With these wins, Missouri (21-8, 10-6 in SEC play through Sunday) began this week having won five of its last seven games. The only two losses were the agonizing last-minute loss at Arkansas and the very respectable overtime loss at Kentucky.
This raises the question, is Missouri improving at the right time to make a run in the NCAA Tournament?
The case for Missouri making a March Madness run would have to start with rebounding, especially offensive rebounding. LSU jumped ahead of Missouri last Saturday with some hot shooting. But Missouri kept grinding away on the glass, getting second-chance points and points in the paint, eventually reeling in LSU.
Tom Izzo’s Michigan State teams are annual March stalwarts, often outperforming their seed with great rebounding. It’s as though the Spartans’ honor is on the line every time a missed shot bounces off the rim, up for grabs. For Missouri, second nationally in rebounds per game, dominating the glass could help spring an NCAA Tournament upset. Senior Alex Oriakhi leads the charge, with double-digit rebounds in five of the last seven games.
Beyond that, Tiger fans have seen how good the “good” Phil Pressey can be. Phil has had some bad moments late in close games, but when he’s playing well, he is a game changer.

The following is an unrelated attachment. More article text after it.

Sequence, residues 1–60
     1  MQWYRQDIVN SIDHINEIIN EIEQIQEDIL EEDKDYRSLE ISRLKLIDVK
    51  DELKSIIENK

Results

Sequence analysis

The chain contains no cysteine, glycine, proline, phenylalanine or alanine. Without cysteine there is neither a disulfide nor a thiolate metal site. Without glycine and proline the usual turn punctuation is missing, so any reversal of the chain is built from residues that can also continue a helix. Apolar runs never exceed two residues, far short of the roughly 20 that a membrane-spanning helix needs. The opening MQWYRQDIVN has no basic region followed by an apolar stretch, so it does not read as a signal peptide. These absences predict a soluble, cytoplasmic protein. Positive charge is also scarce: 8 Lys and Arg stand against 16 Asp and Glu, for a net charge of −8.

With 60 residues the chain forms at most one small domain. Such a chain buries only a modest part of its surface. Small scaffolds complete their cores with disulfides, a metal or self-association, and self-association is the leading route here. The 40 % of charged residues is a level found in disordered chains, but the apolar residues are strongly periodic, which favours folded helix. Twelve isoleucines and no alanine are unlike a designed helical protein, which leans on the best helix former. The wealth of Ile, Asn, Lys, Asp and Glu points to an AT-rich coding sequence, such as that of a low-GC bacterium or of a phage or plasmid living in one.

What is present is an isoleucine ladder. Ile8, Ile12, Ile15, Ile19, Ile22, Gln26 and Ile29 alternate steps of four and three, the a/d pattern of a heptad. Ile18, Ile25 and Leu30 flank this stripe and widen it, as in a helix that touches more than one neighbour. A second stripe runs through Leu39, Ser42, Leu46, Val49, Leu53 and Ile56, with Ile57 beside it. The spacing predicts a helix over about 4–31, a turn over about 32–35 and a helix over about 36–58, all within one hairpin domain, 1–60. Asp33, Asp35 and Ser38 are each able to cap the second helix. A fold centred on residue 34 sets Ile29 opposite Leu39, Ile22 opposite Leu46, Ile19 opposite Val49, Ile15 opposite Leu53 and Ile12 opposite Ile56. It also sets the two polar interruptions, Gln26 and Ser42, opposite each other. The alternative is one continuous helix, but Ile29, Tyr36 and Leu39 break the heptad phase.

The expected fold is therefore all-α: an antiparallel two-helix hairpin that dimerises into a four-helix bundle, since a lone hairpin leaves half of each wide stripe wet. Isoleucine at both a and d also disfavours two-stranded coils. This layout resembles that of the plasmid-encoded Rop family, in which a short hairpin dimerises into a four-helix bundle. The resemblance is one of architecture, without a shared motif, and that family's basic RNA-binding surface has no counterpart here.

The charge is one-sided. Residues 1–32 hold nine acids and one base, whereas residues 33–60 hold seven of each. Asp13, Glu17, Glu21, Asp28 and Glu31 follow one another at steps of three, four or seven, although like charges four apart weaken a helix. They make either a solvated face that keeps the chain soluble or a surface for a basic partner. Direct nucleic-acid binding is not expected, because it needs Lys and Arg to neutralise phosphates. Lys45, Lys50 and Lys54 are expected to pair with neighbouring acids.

But there is also certainly a case against these Tigers making a March run. The NCAA Tournament will not be played at Mizzou Arena, and the Tigers’ body of work away from home isn’t great. The Tigers still have some defensive lapses. (LSU was wide open for plenty of those threes it buried against Missouri last Saturday.)
Also, it’s tough to make a run without winning some close game in the NCAA Tournament, and Missouri has struggled in close games this season. The Tigers have won some close games, notably the Florida game, but Missouri’s possessions late in close games have been more misses than hits. Too often, Pressey dribbles a bunch then fires up a tough shot. Getting good ball movement is crucial in these situations, and Missouri probably won’t go far without it.
So what happens? Tournament matchups will no doubt be a big factor, and every seed Missouri can improve helps its chances.
Missouri has a chance to do that with its season-finale at Tennessee on Saturday (3 p.m., ESPN).
Tennessee (17-11, 9-7 in SEC through Sunday) had won six straight games to move into the NCAA Tournament discussion, although the Volunteers then suffered a loss at Georgia last Saturday. Tennessee plays good defense but struggles to score at times, ranking 203rd in the nation at 66.4 points per game at the start of the week.
The top four teams in the 14-team SEC Tournament get a “double-bye” into the quarterfinals. This game could well determine if Missouri, which is tied for fourth entering the final week, gets a double-bye. So the stakes are high for this one, but in March, they get noticeably higher each week.